If, during the Balkans wars, Turkey was a reliable partner, this was due to the fact that NATO was supporting Muslim minorities against a Russian ally in the region, as Huntington himself pointed out in his essay. In the Syrian civil war, the divergence between the West and Turkey has finally become visible. If at the beginning, the US and Erdogan had the same main objective to eliminate Russia influence in the region as well as weaken Iran’s position in Middle East, the situation has gradually changed, and the threat of Islamic State has become more important for Western civilization, which has helped to make the Kurdish forces the most important US ally in the war. Turkey refuses to accept his secondary role inside the West and behind its core state, the US. Erdogan has not hesitated to move closer to Russia and make a “secret deal” with Putin; after Syrian and Russian authorities expressed concern about Syrian ethnic divisions, Turkey launched the offensive “Euphrates shield” with the main objective to stop the Kurdish militias.
The final lesson we can learn from these events is about the limits of globalization and the failure of the soft power policy of some progressive American analysts concerning the West’s policy toward Turkey. In particular, under the Obama presidency, the goal was to demonstrate that it is possible to avoid a clash of civilizations; Turkey-US relations should have proved de facto that it is possible to build an inter-civilization global community under the UN umbrella, with the US as leader of the ‘’free world.” This ambition was clearly stated by Obama himself during his first state visit to Turkey as US president in April 2009. Obama said: “I’m trying to make a statement about the importance of Turkey, not just to the United States but to the world. I think that where there’s the most promise of building stronger Turkey-US relations is in the recognition that Turkey and the United States can build a model partnership in which a predominantly Christian nation, a predominantly Muslim nation…” he then continued, “that we can create a modern international community that is respectful, that is secure, that is prosperous, that there are not tensions – inevitable tensions between cultures – which I think is extraordinarily important.”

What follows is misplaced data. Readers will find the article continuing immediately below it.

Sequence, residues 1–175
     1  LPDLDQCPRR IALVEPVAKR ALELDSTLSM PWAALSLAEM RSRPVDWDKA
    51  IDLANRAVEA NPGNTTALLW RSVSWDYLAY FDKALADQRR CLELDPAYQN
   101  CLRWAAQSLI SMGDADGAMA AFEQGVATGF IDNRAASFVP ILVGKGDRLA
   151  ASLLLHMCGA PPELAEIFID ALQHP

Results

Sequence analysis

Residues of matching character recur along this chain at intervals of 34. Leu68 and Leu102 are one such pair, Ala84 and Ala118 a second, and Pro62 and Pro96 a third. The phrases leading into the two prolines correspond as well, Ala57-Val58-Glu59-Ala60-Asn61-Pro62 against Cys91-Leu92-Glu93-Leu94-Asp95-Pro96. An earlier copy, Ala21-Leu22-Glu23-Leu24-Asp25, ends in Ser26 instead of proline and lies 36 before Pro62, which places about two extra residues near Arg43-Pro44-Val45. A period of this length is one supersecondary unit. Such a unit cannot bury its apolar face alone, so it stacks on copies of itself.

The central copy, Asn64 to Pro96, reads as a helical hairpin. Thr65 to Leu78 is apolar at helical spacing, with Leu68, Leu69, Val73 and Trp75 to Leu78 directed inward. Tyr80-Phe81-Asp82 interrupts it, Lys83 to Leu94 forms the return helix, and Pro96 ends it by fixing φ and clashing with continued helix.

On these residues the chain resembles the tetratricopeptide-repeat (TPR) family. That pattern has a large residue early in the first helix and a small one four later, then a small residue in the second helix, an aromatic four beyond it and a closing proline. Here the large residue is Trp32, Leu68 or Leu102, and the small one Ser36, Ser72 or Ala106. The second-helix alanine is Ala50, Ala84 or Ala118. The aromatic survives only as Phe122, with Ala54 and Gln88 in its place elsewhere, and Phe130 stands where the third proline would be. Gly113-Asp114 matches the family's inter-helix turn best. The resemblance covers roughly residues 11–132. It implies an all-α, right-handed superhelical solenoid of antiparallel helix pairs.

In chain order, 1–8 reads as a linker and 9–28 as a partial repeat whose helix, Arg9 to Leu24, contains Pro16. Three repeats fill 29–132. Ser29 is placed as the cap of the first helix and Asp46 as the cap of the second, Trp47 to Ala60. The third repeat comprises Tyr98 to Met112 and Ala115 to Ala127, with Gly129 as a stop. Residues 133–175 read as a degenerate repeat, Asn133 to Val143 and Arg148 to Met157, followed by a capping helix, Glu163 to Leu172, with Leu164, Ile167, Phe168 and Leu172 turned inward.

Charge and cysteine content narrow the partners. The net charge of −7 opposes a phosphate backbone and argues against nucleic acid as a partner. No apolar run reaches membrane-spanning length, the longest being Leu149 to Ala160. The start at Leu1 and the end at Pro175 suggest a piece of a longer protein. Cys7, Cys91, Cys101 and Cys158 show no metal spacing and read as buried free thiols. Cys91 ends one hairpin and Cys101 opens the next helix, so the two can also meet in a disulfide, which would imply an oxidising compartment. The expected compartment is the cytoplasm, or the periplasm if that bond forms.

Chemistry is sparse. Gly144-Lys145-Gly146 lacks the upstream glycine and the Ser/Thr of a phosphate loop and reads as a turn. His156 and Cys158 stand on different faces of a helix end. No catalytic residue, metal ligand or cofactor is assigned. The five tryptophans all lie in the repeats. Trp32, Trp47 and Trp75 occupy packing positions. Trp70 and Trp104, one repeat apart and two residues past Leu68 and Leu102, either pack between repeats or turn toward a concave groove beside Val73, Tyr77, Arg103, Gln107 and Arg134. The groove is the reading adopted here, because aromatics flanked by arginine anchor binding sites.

Seven years later, we should recognize that in the case of Turkey this model of inter-civilizational partnership has failed. Huntington depicted Turkey as a torn country, between the West and Muslim civilizations, but meanwhile, under the Erdogan regime, this bipolarity has been solved and the Islamic roots have prevailed. A century ago, the Turkish empire had fallen in a brutal way; now, the dust is falling and like the phoenix, Ottoman imperialism seems to be on the rise again, supported by this AKP leader who in 1997 read some verses of Ziya Gökalp “The mosques are our barracks, and the minaret is our bayonet.” Unfortunately, the clash of the civilizations has been proven to be the right framework for understanding the current geopolitical dynamic in Turkey.
If the West needs to continue to fight for its values and ideals, it should do so without avoiding realpolitik. The West needs to realize the limit of its globalization and recognize that its democratic values and humanism comes from its Christian heritage – it cannot be “exported.” Many AKP leaders point out that the AKP is the vanguard of a “historic transformation,” “closing a century-old parenthesis” in Turkey by ending Kemalism and the “Sykes-Picot order in the Middle East” by spearheading its own “model” in the Arab world. In such a context, Western countries need to carefully monitor new developments and ensure all measures are in place to avoid further tensions in the region, and assure that both the West and Turkey work for peace as the primary objective of their relations. We should understand that ‘’political correctness’’ and blind pacifism cannot avoid the clash of civilizations if the other party is not receptive to this kind of dialogue. Peaceful relations can be obtained by ensuring both parties will share the same willingness to enjoy peace in mutual respect and by rejecting religious populism as a political tool to grab power.